Our long term goals are to study transmembrane signalling by heterotrimeric G proteins. The structure and most molecular aspects of transmembrane signalling G proteins have been solved, but their respective participation in complex homeostatic processes such as inflammatory reactions, pain perception, behavior and maintenance of normal glycemia remains largely unknown. During the previous and this last granting period we began addressing the roles of G proteins in homeostasis by creating mice lacking specific G proteins (knockout mice). We have now individually knocked out four of the 15 G protein alpha subunit genes: Gi1, Gi2, Gi3 and Go, and we also have a double and Gi1/Gi3 knockout. These G proteins form the group of non-sensory pertussis toxin (PTX)-sensitive G proteins which couples a distinct set of receptors to a common set of effectors. Two of the knockouts (Gi1 and Gi3, and their combination) are so far asymptomatic. Gi2-/- mice develop ulcerative colitis (UC) and adeno-carcinomas, but in a context sensitive manner, i.e., depending on the strain (genomic background). Go-/-mice have multiple neurological alterations and term this phenotype 'rotator'. Go-/- mice also show unexpected alterations in Ca2+ channel function and, when subjected to a glucose load, respond with a much tighter control of glycemia than controls. For the coming years we propose: a. To complete the disruption of the Gz G protein, which shares with the inactivated G protein alpha subunits a high degree of structural and functional similarity, coupling the same set of receptors to the same set of effectors, but is PTX- insensitive. This will be complemented by the creation by breeding of the compound G protein deficiencies. b. To search for and characterize one or more genes responsible for suppression (or promotion) of the development of UC and adenocarcinomas in Gi2-/- mice. c. To search for the neurotransmitter system(s) in the CNS affected by lack of Go and, if possible, interpret the rotator phenotype in terms of existing theories of central nervous system motor circuits. And d. to characterize insulin secreting properties of Go-/- islets in vivo and in vitro. The identification of one or more modifier genes of UC and/or adenocarcinoma formation may aid in the elucidation of the etiology of human UC and its complications (adenocarcinomas). Investigation of the role of Gz is expected to shed new light on molecular mechanisms involved in thrombus formation. The elucidation of the mechanism(s) altered by lack of Go may aid in the understanding of human motor disorders and may shed new light on development and/or treatment of type II diabetes.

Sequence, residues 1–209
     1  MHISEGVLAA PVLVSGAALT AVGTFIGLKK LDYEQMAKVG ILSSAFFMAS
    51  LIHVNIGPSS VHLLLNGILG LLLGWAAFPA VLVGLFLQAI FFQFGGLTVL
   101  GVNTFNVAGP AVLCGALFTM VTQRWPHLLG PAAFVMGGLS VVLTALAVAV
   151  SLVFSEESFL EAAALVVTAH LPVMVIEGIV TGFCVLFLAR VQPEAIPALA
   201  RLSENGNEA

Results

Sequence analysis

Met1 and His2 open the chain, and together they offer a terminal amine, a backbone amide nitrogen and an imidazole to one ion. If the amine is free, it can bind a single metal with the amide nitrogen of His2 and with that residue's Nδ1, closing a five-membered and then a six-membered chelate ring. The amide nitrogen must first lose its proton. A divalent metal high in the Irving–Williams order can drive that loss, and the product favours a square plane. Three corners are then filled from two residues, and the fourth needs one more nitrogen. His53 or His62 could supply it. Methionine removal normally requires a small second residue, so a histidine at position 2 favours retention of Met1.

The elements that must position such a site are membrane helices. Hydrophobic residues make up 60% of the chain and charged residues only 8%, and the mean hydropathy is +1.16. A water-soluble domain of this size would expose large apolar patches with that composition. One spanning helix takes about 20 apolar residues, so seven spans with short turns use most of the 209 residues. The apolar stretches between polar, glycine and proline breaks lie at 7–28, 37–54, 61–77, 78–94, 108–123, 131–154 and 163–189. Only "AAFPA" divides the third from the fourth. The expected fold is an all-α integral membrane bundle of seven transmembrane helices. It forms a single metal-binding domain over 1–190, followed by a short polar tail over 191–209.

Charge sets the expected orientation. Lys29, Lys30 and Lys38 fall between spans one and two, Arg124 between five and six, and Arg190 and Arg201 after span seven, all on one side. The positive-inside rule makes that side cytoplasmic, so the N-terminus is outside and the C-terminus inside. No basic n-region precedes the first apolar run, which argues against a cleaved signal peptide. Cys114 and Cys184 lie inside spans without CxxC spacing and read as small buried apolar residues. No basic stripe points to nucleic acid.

National Institute of Health (NIH)
National Institute of Diabetes and Digestive and Kidney Diseases (NIDDK)
Research Project (R01)
Project #
Application #
Study Section
Physiological Chemistry Study Section (PC)
Program Officer
Abraham, Kristin M
Project Start
Project End
Budget Start
Budget End
Support Year
Fiscal Year
Total Cost
Indirect Cost
University of California Los Angeles
Schools of Medicine
Los Angeles
United States
Zip Code
Tang, Guanghua; Wang, Ying; Park, Sangeun et al. (2012) Go2 G protein mediates galanin inhibitory effects on insulin release from pancreatic ? cells. Proc Natl Acad Sci U S A 109:2636-41
Pero, Ralph S; Borchers, Michael T; Spicher, Karsten et al. (2007) Galphai2-mediated signaling events in the endothelium are involved in controlling leukocyte extravasation. Proc Natl Acad Sci U S A 104:4371-6
Fan, Hongkuan; Williams, David L; Zingarelli, Basilia et al. (2007) Differential regulation of lipopolysaccharide and Gram-positive bacteria induced cytokine and chemokine production in macrophages by Galpha(i) proteins. Immunology 122:116-23
Gohla, Antje; Klement, Karinna; Piekorz, Roland P et al. (2007) An obligatory requirement for the heterotrimeric G protein Gi3 in the antiautophagic action of insulin in the liver. Proc Natl Acad Sci U S A 104:3003-8
Fan, Hongkuan; Williams, David L; Zingarelli, Basilia et al. (2006) Differential regulation of lipopolysaccharide and Gram-positive bacteria induced cytokine and chemokine production in splenocytes by Galphai proteins. Biochim Biophys Acta 1763:1051-8
Wei, Bo; Velazquez, Peter; Turovskaya, Olga et al. (2005) Mesenteric B cells centrally inhibit CD4+ T cell colitis through interaction with regulatory T cell subsets. Proc Natl Acad Sci U S A 102:2010-5
Pineda, Victor V; Athos, Jaime I; Wang, Hongbing et al. (2004) Removal of G(ialpha1) constraints on adenylyl cyclase in the hippocampus enhances LTP and impairs memory formation. Neuron 41:153-63
Foerster, Katharina; Groner, Ferdi; Matthes, Jan et al. (2003) Cardioprotection specific for the G protein Gi2 in chronic adrenergic signaling through beta 2-adrenoceptors. Proc Natl Acad Sci U S A 100:14475-80
Dhingra, Anuradha; Jiang, Meisheng; Wang, Tian-Li et al. (2002) Light response of retinal ON bipolar cells requires a specific splice variant of Galpha(o). J Neurosci 22:4878-84
Jiang, M; Spicher, K; Boulay, G et al. (2001) Most central nervous system D2 dopamine receptors are coupled to their effectors by Go. Proc Natl Acad Sci U S A 98:3577-82

Showing the most recent 10 out of 73 publications